Rio 2016 Olympics: How Olympians Avoid Overtraining

Photo: Agberto Guimaraes

Elite athletes from around the world have been training for at least four years for the Rio Olympics, which officially kick off this Friday. As they prepare for their events, Olympians must straddle the fine line between enhancing their performance and placing unreasonable demands on their bodies, or overtraining.

How Training Has Changed

In the past, Olympic coaches have considered volume, or the amount of time spent training, as the key to outstanding performances. Due to frequent cases of overtraining in recent years, coaches are now acutely aware of the extent to which training beyond the body’s ability to recover can lead to poor performance, exhaustion and apathy.

Frank Busch, former coach for the United States men’s Olympic swimming team, explains that the high-volume training regimens of the past led to an “arms race among endurance athletes to see who could train the most,” resulting in fatigue, slower times, weak muscles, poor coordination and depression. In preparation for the Rio Olympics, athletes generally value execution over volume and intensity during their workouts to ensure they do not burn out and derail their success.

Short Warm Ups

Warming up and stretching the body is important to heat and loosen the muscles, increase flexibility and prevent injury. However, expending too much energy on lengthy warm ups can tire the body and compromise power, stamina and recovery. To avoid overtraining, three-time Olympic medalist and gymnast Aly Raisman places a higher emphasis on execution than repetition during her training sessions. Raisman trains six hours a day, six days a week, making sure to warm up quickly and limit the length and intensity of her practice routines, especially as she gets closer to competitions.

Diet

Supplying the body with the right nutrition and adequate amount of calories is essential to supporting an intense training regimen and speeding up the recovery process. For athletes who perform for more than 90 minutes at a time, sufficient caloric and carbohydrate intake guarantees that the body will not use muscle mass for energy. Olympic champion and decathlete, Ashton Eaton, who holds the world record in both the decathlon and indoor heptathlon events eats five to six full meals a day to fuel his grueling workouts. Throughout the day, Eaton packs his diet with unrefined carbohydrates, full fats, and proteins to build and repair his muscles, and perform and recover maximally.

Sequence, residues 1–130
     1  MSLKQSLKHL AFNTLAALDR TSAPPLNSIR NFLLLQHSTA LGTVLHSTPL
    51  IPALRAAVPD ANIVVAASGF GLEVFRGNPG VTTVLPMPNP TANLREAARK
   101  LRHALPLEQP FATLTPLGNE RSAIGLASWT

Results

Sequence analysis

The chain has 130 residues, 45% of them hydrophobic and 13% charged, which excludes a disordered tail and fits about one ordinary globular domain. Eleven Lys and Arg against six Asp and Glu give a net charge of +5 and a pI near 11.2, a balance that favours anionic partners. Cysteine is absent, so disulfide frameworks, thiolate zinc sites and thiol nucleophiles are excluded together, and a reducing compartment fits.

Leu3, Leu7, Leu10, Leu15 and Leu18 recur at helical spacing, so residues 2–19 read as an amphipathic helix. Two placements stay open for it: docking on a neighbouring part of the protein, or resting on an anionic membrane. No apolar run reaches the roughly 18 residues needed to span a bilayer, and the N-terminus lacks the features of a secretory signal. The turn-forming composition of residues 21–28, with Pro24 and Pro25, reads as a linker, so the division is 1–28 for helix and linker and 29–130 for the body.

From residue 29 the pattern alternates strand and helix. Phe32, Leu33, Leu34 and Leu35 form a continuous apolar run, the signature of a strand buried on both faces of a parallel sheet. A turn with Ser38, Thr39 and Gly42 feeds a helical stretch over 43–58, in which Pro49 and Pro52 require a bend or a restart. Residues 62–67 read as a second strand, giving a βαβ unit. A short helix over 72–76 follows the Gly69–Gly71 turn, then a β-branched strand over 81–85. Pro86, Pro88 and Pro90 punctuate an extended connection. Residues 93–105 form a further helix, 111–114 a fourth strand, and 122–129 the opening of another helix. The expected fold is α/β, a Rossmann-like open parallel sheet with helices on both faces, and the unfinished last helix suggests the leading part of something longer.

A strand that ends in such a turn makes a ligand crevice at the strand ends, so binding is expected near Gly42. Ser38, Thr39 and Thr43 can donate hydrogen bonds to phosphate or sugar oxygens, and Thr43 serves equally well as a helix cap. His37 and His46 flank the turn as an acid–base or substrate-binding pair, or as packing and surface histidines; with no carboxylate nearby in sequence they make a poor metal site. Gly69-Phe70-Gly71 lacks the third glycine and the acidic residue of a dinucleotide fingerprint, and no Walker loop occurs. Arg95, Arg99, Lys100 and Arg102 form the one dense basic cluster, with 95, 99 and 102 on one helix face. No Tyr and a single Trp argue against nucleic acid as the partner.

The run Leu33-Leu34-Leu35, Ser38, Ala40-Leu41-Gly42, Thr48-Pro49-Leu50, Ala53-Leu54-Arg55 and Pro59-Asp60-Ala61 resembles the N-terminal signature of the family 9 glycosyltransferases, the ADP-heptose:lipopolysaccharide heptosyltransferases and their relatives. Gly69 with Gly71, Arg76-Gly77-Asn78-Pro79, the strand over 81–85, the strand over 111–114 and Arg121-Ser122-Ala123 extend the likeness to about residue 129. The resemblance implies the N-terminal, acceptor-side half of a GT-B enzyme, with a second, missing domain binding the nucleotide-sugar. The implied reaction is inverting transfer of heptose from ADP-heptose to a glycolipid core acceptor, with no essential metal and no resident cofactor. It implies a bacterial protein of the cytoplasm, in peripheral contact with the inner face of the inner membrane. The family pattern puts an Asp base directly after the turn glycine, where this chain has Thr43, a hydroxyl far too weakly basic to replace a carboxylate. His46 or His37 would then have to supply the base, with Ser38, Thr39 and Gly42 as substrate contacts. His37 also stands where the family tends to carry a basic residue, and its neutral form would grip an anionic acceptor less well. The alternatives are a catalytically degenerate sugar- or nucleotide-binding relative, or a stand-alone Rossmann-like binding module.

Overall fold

Long Breaks

Taking breaks between training sessions to rest and recover is key to avoiding decreased physical performance and loss of motivation. Following her four-hour morning training session, Olympic gold medalist and gymnast Gabby Douglas takes a two-hour lunch as an extended break from exercise. Aside from refueling with a meal of healthy, lean sources of protein, Gabby also makes sure to socialize during her break to avoid mental fatigue from concentrating too heavily on her workouts.

Rest

Building recovery time into a training program allows the body to adapt to the stress of exercise, by replenishing energy stores and repairing damaged tissues. Olympic speed skater and three-time medalist J. R. Celski considers rest and recovery an integral part of his training schedule to become stronger and faster. After a three-four hour workout on the ice, followed by the same amount of time running, biking, weight training and stretching, Celski relaxes in the sauna. Celski enjoys the sauna post-workout, because the heat relaxes his body’s muscles and improves circulation, and in turn speeds up his recovery time.

What precautions do you take to make sure you do not push your limits during your workouts? Tell us about your experiences on our Facebook page.